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Leading-edge oncology centre to be built in Laval

MONTREAL – Anticipating an escalating number of cancer patients, Quebec is investing $28.7 million to create a leading-edge cancer treatment centre in Laval.

Due to the relative aging of the population, Quebec expects to see 39,000 new cancer cases this year, said Premier Jean Charest, as he announced the new facility. He was accompanied by Health Minister Philippe Couillard and local politicians.

“The number of new cases goes up by nearly 1,000 each year, which means we’re going to reach a threshold of 50,000 new cases within 10 to 12 years,” Charest said at the Hôpital Cité de la Santé, where the 6,000-square-metre oncology centre will be built.

Health minister Couillard said Quebec used to send patients for timely treatment to Toronto and the United States. Due to numerous investments, he continued, it’s standard practice to treat cancer patients inside Quebec within four weeks.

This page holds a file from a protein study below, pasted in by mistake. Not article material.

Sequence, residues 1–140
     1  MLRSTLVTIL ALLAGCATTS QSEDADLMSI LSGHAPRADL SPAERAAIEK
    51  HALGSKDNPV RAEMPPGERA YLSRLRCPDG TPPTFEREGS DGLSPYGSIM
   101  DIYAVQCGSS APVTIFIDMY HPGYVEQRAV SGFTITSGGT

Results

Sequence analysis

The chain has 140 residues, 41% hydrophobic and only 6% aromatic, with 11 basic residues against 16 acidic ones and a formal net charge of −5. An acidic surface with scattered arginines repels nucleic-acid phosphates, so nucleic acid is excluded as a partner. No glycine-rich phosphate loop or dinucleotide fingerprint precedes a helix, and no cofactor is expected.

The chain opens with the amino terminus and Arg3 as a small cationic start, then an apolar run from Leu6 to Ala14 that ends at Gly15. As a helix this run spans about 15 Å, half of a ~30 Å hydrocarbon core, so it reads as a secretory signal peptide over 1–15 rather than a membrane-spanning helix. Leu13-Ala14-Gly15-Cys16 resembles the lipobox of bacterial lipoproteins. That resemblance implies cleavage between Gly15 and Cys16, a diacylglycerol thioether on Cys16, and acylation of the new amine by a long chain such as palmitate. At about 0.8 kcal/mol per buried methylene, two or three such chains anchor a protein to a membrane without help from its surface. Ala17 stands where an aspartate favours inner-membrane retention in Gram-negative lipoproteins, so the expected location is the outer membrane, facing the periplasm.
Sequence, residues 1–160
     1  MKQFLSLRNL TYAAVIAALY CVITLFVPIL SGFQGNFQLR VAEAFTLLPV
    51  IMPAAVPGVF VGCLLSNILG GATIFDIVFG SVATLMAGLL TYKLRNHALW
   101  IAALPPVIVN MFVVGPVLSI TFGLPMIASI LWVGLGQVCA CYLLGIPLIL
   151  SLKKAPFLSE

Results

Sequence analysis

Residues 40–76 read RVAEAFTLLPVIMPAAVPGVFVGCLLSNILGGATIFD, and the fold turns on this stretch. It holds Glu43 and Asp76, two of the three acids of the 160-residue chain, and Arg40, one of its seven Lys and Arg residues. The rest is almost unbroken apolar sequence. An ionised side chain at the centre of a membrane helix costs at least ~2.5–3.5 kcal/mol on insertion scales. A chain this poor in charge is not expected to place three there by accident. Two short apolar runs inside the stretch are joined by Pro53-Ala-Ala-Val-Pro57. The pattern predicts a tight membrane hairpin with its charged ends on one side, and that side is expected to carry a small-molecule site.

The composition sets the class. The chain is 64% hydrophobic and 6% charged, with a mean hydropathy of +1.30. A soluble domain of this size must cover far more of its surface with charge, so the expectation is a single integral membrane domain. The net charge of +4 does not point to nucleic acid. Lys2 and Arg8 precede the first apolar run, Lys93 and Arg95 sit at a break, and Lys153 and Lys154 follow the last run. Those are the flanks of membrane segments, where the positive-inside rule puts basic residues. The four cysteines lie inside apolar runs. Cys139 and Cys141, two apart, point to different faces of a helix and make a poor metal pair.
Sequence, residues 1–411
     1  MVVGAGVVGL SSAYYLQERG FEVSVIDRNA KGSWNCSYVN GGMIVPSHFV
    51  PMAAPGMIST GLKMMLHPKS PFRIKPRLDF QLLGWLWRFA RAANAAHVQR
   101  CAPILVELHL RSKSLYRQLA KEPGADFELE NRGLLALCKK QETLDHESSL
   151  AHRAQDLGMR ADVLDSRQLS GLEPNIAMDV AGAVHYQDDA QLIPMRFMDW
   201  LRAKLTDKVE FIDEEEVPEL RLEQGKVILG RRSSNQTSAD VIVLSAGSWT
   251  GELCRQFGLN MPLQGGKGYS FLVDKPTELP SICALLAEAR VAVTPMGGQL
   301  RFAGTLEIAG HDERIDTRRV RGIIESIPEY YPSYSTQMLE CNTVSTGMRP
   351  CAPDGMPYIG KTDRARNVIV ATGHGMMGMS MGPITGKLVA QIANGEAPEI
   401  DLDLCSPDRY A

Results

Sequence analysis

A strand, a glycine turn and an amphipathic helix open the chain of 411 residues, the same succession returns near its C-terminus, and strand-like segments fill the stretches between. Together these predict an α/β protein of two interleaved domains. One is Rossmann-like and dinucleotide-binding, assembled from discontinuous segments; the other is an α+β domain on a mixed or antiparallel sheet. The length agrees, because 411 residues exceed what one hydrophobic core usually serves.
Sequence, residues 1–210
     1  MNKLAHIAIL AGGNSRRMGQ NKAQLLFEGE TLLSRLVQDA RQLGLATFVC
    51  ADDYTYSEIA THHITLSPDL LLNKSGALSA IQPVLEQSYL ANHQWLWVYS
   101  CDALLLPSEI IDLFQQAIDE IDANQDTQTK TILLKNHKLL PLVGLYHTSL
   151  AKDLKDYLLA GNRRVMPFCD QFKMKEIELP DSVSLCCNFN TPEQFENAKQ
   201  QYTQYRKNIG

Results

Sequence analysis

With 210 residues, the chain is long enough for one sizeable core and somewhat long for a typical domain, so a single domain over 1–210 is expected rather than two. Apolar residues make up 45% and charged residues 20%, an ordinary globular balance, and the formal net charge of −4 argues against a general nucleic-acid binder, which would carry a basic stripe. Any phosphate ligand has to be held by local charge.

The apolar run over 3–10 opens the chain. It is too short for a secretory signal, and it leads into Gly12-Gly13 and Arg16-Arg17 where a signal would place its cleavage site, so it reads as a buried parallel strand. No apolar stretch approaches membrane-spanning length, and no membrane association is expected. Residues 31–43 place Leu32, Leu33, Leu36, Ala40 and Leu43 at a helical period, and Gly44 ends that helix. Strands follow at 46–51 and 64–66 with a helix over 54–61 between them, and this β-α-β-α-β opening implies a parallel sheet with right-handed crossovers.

The Laval centre is to open its doors in 2010. It’s expected to provide integrated, multidisciplinary cancer treatment under one roof for Laval residents and the northern region including the Laurentians and Lanaudière.

However, the $28.7 million does not include costs for high-tech equipment, which will require additional government funds. Six treatment rooms initially are to be equipped with four linear accelerators, and another two are to be added at a later phase.

The announcement comes on the heels of $36.3 million investment toward a new wing for cancer treatment at Maisonneuve-Rosemont Hospital in Montreal. Last year, the government also announced funds for the 11th treatment centre: $53.2 million for a cancer centre at Charles LeMoyne Hospital in Longueuil’s Greenfield Park that’s expected to serve 1.4 million residents on the south shore of Montreal.